Abdominal Wall Defects and Hernias

Sometimes children are born with abnormalities of their abdominal wall; sometimes they develop a problem due to a surgery or trauma. However the condition arises, the experts at Mount Sinai can help, using a minimally invasive approach whenever possible.

About Abdominal Wall Defects

Sometimes a child is born with one or more abdominal organs on the outside of the body. We often need to address abdominal wall defects in several steps. The most common birth defects are:

  • Gastroschisis means the baby’s intestines are outside the body, exposed through a hole near the belly button. Sometimes other organs, such as the stomach and liver, are also outside the body.  
  • Omphalocele occurs when the baby’s intestines, liver, or other organs are outside the body.

About Hernias

Hernias arise when part of an organ pushes through weak spot in the muscle wall, creating a bulge. Sometimes these are birth defects, sometimes they develop over time. The most common types of hernias we see in children are:

  • Inguinal hernias affect the groin area and do not close on their own. This condition can cause the bowel to become trapped in the neck of the defect.
  • Umbilical hernias, located at the belly button (umbilicus), are common and often resolve on their own. But if they don’t, we can usually fix them with an outpatient procedure.
  • Diaphragmatic hernias affect the muscle that separates the thorax from the abdomen. We can find these hernias when the child is in utero or any time after.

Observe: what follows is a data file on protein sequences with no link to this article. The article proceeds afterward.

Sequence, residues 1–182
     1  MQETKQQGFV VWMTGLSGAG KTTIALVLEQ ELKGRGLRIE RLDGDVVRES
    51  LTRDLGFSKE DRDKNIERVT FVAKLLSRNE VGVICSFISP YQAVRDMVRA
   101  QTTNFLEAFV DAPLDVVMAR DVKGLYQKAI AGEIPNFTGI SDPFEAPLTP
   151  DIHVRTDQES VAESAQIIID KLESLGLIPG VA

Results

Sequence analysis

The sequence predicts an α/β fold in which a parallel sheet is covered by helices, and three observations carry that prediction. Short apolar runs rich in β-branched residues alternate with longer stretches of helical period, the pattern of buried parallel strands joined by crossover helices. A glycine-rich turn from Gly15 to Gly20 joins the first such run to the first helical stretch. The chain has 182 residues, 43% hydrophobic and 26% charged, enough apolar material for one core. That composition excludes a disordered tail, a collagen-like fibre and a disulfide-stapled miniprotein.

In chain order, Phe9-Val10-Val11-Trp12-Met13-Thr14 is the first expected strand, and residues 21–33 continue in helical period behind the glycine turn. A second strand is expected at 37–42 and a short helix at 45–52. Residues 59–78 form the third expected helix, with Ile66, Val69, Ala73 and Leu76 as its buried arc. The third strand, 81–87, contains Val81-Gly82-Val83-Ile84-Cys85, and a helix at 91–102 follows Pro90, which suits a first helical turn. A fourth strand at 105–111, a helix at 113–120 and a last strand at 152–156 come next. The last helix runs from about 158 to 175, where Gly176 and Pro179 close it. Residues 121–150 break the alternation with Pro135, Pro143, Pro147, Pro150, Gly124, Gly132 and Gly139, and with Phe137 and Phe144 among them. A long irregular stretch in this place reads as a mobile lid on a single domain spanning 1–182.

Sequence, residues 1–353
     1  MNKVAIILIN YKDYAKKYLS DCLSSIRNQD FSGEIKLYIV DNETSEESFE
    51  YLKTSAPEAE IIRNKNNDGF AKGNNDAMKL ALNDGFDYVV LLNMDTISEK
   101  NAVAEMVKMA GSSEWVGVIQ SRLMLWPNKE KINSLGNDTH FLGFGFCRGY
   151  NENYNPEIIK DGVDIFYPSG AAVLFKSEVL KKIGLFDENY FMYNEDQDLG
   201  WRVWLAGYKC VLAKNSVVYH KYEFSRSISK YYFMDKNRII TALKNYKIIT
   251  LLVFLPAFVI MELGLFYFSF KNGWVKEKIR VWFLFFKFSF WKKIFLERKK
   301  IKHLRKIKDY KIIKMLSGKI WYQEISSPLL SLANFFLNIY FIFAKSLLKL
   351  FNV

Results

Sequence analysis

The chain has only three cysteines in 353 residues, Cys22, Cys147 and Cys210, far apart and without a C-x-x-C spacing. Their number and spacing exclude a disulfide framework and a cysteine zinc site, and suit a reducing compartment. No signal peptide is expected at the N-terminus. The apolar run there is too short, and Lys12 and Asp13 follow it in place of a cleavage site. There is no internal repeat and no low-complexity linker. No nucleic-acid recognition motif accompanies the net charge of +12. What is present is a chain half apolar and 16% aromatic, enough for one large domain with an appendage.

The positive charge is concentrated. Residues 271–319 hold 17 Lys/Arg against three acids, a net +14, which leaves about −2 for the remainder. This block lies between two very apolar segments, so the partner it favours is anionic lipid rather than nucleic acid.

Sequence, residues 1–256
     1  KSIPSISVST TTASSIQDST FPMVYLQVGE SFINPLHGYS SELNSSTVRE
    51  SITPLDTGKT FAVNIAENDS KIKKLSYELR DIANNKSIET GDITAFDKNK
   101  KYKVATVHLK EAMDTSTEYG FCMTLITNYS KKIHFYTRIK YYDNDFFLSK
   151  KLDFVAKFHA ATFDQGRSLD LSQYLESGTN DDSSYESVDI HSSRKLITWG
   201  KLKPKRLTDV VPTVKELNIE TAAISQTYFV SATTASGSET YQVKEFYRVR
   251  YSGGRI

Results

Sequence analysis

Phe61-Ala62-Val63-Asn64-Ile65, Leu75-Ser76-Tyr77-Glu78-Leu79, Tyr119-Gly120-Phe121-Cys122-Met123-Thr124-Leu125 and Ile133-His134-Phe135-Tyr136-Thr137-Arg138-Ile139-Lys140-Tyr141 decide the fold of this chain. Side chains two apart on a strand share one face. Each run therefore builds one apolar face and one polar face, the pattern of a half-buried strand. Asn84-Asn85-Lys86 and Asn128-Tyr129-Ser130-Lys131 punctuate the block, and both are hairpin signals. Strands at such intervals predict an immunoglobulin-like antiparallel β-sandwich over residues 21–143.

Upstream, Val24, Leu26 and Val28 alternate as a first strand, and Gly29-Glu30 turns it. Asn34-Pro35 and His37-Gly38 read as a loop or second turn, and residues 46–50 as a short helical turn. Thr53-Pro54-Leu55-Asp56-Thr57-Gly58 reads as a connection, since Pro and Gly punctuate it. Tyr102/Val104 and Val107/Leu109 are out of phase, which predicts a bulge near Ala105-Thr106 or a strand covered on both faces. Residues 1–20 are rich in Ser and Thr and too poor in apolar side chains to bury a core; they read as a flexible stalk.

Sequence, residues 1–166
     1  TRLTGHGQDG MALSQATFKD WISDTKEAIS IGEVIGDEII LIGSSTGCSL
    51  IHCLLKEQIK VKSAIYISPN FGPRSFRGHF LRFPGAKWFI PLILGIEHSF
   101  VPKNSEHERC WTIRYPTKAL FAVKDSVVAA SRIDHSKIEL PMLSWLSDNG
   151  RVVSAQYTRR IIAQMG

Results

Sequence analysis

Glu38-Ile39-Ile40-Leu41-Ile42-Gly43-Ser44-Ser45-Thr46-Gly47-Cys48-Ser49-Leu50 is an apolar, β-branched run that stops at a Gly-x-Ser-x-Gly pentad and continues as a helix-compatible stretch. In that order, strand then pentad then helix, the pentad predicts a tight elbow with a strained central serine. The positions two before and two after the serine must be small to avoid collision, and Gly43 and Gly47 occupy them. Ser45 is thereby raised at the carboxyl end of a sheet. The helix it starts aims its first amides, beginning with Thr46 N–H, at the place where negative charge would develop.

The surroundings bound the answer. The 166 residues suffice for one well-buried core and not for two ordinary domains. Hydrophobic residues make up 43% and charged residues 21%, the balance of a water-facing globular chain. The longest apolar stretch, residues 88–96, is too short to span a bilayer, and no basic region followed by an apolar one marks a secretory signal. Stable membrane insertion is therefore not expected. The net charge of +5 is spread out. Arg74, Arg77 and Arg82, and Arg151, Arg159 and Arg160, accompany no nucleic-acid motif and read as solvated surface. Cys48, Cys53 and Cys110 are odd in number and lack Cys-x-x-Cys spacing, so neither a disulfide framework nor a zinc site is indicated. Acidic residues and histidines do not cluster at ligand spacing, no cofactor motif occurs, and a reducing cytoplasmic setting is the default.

• Incisional hernias form at the site of a healing surgical scar.
  • Ventral/epigastric hernias, defects in the middle of the abdominal wall, can cause discomfort or other symptoms. You might be able to see it when your child stands up, though it is often quite small.

Diagnosis and Treatment

In general, we diagnose abdominal wall defects and hernias through physical examination. We may also need to perform an imaging test for additional information. Most commonly, we use ultrasound to better understand your child’s condition.

We offer a variety of types of surgical treatments for abdominal wall defects and hernias. Often, a multidisciplinary team works together to diagnose and treat these conditions. We use minimally invasive approaches whenever possible. Sometimes we can complete the whole process in a single procedure, and sometimes it takes several, to provide the best possible outcome.

Abdominal defects leave one or more of your child’s internal organs outside the body. We treat these conditions by enclosing the organs in some fashion, moving them back inside the body, and then closing the opening. The precise procedure varies, depending on the condition and your child’s overall health.

If your child has a hernia, we need to seal the opening, either by suturing it together or, if the hole is larger, by using a synthetic patch, then suturing it in place. We usually repair inguinal hernias with a small laparoscopic procedure. This allows us to see and repair a hernia that may be present on the other side at the same time. Children can usually go home on the day of surgery.